Sens. Joe Manchin (D-W.Va.) and Debbie Stabenow (D-Mich.) on Monday will introduce a bill that would spend $8 billion to bring clean energy manufacturing and recycling to former fossil fuel sites and help transition workers to jobs in the clean energy sector.
The details: The bipartisan bill, which is co-sponsored by Republican Sen. Steve Daines of Montana, expands the advanced energy manufacturing tax credit (often referred to as 48c for its section of the tax code) to attract clean energy manufacturing and recycling companies to areas with high unemployment. The bill includes a special $4 billion carve-out for companies willing to set up operations in communities where coal mines or coal power plants have closed, according to a fact sheet released by the Energy and Natural Resources Committee. The bill would also allow heavy industry to use the credit to reduce their own emissions.
“The downturn of the coal industry has left many Americans without the good-paying jobs they once relied on and, more often than not, a lack of new opportunity,” said Manchin, who chairs the Energy Committee, in a statement. “I believe that tax credits to help incentivize the transition to a cleaner energy future should be targeted to drive reinvestment in the communities who are the most impacted by that transition.
The politics: Drawing Republican support is likely to be crucial for the bill, and Daines’ support could help its chance.
“This bipartisan bill will support jobs and increase investment in coal and other energy producing communities in Montana to ensure they continue playing a part in American energy production,” Daines said.
The White House did not comment on the bill, but Stabenow said Biden backed the plan.
“I’ve talked to the administration and the administration is supportive,” she said.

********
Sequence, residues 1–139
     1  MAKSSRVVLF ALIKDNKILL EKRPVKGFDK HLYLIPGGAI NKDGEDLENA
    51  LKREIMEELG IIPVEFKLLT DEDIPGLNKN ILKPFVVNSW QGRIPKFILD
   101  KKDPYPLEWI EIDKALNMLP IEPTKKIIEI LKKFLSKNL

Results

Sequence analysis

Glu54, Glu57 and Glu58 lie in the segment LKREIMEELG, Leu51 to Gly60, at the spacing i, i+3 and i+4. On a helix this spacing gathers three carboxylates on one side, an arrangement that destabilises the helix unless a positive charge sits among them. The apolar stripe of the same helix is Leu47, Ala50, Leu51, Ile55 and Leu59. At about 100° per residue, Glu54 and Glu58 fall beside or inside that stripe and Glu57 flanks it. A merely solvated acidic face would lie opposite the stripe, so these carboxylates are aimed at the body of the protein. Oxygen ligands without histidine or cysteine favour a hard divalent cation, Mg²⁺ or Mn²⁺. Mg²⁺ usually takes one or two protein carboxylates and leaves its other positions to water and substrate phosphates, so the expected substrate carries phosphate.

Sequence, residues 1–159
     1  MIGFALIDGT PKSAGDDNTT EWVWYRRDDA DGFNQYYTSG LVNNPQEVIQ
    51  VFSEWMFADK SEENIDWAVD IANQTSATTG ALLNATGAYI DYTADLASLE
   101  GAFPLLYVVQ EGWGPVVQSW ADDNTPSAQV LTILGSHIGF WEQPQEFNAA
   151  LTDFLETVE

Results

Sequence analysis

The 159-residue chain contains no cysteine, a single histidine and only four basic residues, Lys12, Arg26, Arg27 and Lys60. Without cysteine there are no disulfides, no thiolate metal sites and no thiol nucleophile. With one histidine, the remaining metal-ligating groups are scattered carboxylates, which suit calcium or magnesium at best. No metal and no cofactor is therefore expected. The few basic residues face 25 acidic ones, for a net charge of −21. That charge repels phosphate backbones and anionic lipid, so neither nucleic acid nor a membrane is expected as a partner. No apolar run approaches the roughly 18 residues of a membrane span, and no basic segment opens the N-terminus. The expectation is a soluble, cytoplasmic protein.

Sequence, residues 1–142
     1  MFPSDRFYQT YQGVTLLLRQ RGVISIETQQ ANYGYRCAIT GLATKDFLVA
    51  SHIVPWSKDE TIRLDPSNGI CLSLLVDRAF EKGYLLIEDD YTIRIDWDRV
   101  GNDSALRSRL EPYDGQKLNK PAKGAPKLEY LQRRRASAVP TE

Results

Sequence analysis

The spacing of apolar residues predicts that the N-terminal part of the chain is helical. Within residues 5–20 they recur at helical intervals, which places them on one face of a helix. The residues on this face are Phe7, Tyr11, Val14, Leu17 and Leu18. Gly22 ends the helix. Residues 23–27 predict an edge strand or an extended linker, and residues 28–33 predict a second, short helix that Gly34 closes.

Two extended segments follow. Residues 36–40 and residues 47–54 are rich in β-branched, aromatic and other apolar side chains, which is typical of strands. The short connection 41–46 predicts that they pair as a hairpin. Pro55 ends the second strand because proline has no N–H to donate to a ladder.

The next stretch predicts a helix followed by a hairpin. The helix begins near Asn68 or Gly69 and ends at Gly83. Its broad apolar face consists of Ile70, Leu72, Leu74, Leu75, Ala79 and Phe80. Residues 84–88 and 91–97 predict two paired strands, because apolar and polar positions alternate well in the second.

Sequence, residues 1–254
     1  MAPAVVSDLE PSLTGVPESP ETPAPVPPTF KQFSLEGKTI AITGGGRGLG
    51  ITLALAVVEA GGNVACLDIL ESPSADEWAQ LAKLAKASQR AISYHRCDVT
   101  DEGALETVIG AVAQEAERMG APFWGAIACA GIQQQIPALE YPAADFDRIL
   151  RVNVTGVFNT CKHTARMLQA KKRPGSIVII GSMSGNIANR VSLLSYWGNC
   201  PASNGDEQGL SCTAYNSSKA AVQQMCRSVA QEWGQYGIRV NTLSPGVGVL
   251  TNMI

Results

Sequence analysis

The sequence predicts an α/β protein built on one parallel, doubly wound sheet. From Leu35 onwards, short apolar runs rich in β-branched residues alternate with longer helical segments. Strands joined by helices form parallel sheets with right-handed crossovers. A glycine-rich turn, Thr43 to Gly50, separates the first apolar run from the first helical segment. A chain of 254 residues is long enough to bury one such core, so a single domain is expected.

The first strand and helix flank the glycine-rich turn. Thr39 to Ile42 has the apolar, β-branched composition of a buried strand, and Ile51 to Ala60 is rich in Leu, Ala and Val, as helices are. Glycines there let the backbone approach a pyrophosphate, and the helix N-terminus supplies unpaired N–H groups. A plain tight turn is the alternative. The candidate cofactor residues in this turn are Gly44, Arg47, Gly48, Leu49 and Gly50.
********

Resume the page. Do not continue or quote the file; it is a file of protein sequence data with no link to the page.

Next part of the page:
The legislation: The bill would appear to support President Joe Biden’s promise to ensure that former fossil fuel workers would not be left out of his greener economy. Coal plants have retired at a rapid clip in recent years, and another 2.7 gigawatts in capacity is expected to retire this year, according to the Energy Information Administration. In her confirmation hearing last month, Energy Secretary Jennifer Granholm emphasized the need to put clean energy manufacturing in places with skilled workforces that have seen unemployment climb because of plant closures.
“Place-based strategies are critical for areas that have been left behind and that’s exactly what the executive order from Joe Biden today has committed to fix,” Granholm told the Energy Committee at that hearing.
The provisions of the bill could be beneficial in red states like Wyoming and West Virginia where coal plants have been retiring and coal mines reducing output, leading former workers to seek alternative employment opportunities. But some Republicans may be skeptical of the bill.
“I haven’t seen pigs fly,” Rep. David McKinley (R-W.Va.) told POLITICO on Friday, ahead of the bill announcement. “If manufacturing wanted to go to McGowan County or to Clay County or other areas of West Virginia … those manufacturers would already be there. There can be an incentive, but Joe [Manchin] needs to understand its not just tax incentives. It’s the availability of materials. What about the workforce, is it available? I’m not going to suggest it’s all wrong, it needs a much bigger picture.”